Written or Wrote?

If a baby cat is called a kitten, why isn’t a baby rat called a ritten?

Free Books

Why not?

Zebra Finches at School

In the lobby of a school in Chelsea is a flock of zebra finches. A school of birds.

Stickies at Work

This is what computer processing actually looks like

Mac Stickies Arranging by Content (alphabetically)

Coding Books 3

Code.org has had a tremendous impact on the global interest in computer science education, and in particular, on the development of the computer science initiatives in the NYCDOE.

Although their curriculum is no longer published in book form (download instead), up until 2018 they were shipping bound books.

Their Computer Science Fundamentals book checks in at just over 300 pages of dense text and relatively mediocre black and white illustrations (the online downloadable version is full color).

It is also filled with offline (unplugged) activities whose goal is to familiarize students with coding concepts (e.g., conditionals, repeat looks, variables) without being on the computer. There are also sections on digital citizenship.

All in all, it is a mixed bag. I like the pages that show how to do graph paper programming, which is an effective way to introduce students to algorithms

. .

I use their Graph Paper Programming in my Adapted Coding Workshops that I offer to teachers.

The content that I had less success with the students was Getting Loopy, which introduces pattern recognition and loops. The students did the worksheet, but did not seem to gain a greater understanding about loops.

pdf version

 

3Doodler Start Pens – First Try

When the students first started using the 3Doodler 3D printing pens, they had mixed success:

  • PRO: I had exactly 12 pens, so each student could use a pen.

  • CON: The pens took about an hour to charge, and had to be recharged often.

  • PRO: I had three powerful usb chargers and there was a good surge strip in the room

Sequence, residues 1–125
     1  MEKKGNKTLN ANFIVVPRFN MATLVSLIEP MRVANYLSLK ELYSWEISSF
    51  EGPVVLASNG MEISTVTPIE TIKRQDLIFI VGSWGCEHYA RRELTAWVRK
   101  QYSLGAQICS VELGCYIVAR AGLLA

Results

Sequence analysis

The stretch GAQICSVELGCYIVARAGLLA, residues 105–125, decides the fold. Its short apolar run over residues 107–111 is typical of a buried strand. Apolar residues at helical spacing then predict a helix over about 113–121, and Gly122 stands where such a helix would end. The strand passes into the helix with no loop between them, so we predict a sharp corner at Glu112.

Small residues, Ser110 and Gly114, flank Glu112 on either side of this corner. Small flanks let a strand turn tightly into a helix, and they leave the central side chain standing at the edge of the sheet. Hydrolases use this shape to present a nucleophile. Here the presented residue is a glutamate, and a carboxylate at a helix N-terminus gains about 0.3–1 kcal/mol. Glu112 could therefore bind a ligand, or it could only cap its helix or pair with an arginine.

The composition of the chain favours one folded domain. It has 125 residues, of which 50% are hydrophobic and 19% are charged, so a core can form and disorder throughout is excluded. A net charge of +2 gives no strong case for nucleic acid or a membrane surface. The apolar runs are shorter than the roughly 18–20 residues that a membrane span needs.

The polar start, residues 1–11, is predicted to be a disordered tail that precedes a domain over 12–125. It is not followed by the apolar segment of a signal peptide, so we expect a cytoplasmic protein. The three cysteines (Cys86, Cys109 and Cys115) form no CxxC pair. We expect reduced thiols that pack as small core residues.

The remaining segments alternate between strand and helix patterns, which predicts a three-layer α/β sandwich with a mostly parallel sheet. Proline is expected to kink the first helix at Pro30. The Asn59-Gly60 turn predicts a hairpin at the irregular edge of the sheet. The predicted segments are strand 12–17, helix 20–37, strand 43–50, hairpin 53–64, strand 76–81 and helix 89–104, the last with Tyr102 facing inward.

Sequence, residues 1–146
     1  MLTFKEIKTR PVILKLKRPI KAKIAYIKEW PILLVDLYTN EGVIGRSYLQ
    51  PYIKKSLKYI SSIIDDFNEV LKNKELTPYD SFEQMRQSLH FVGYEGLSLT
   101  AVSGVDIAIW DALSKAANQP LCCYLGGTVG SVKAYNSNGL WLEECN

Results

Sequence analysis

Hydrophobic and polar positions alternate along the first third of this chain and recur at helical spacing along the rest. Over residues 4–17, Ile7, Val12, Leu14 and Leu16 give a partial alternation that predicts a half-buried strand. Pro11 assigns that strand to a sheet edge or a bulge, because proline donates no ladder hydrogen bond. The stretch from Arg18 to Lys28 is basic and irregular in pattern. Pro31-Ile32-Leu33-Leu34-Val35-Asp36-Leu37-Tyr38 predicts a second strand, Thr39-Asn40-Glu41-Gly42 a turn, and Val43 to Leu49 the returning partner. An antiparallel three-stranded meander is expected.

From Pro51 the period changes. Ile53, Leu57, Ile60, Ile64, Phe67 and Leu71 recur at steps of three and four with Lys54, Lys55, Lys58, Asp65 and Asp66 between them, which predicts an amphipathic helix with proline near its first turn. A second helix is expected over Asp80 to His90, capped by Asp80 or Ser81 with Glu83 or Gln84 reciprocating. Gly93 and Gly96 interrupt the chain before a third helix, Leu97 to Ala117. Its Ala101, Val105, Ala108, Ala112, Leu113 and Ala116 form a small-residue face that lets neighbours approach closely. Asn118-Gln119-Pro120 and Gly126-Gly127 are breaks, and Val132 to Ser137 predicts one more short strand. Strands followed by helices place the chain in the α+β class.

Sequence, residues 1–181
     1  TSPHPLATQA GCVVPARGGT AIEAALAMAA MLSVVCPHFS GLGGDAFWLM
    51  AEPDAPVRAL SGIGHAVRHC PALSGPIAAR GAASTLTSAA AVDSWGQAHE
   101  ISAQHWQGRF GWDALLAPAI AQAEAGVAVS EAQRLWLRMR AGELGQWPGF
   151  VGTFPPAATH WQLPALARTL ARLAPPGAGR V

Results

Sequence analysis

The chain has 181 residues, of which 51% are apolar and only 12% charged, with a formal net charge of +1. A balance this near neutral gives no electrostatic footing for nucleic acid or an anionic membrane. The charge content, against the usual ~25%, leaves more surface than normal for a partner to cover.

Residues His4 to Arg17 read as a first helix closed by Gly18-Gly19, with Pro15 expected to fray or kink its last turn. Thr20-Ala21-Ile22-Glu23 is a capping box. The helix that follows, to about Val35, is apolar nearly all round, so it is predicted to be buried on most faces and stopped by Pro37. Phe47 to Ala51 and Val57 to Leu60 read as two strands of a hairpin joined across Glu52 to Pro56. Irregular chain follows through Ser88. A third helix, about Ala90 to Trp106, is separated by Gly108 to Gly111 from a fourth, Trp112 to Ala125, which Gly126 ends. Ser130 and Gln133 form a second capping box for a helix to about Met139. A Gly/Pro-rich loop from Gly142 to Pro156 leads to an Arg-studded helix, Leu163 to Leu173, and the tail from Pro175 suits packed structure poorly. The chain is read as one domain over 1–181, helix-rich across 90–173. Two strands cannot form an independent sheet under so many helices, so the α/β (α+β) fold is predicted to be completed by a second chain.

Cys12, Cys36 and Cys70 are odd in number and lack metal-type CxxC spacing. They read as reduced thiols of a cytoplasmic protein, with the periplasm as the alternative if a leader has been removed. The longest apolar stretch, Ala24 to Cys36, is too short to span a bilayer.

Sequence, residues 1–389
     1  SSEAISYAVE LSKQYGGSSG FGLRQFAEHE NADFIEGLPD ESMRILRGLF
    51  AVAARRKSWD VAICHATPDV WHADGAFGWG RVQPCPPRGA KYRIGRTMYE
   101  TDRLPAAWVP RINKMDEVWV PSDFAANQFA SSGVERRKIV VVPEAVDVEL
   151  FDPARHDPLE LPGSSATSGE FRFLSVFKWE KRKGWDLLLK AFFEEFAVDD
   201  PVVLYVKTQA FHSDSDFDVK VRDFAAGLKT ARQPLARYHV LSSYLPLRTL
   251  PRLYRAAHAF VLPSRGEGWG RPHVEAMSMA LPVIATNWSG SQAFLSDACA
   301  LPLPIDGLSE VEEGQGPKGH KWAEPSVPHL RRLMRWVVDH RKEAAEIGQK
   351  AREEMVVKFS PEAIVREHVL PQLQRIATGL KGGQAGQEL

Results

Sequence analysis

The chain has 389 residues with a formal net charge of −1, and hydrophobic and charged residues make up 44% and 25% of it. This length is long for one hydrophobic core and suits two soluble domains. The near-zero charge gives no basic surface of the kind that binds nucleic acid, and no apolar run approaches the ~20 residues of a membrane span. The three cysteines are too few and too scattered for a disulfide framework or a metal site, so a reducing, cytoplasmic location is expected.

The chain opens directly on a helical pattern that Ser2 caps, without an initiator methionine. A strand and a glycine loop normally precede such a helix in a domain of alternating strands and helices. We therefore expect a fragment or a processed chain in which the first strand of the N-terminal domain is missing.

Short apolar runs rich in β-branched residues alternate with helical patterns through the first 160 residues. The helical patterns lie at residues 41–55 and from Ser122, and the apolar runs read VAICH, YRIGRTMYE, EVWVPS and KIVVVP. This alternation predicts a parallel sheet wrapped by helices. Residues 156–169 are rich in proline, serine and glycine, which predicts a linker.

• CON: The filament was old and brittle. It had not been opened during the 18 months of covid/remote learning. Subsequently, two of the pens became jammed when we tried to use the filament, and all the filament had to be tossed.
  • PRO: When I explained how, because of covid and remote learning, we had not been able to use the kit for almost two years, the company replaced the two jammed pens and the whole box of 1200 filaments for free!

  • CON: The company did not include the light green color filaments in the replacement.

  • CON: Waiting for the replacement pens and filaments pushed the project start time back by two weeks.
  • PRO: The kit provided plastic templates that had circles on them, so students could trace the circles with the pens.

  • CON: Circles are really hard to draw and the filament did not stick to the plastic, but instead kept lifting off = frustrating to the students.
  • PRO: The students “drew” on paper instead. The filament stuck much better on paper, and could be peeled off when cool.

  • CON: Students did not press the filament onto the paper, but held the pens ever-so-slightly above the paper. Because filament was above the paper, it formed strands that did not stick in place and tended to buckle.

  • CON: It took many sticks of filament to fill in even a little shape, so the students were not just making flimsy outlines.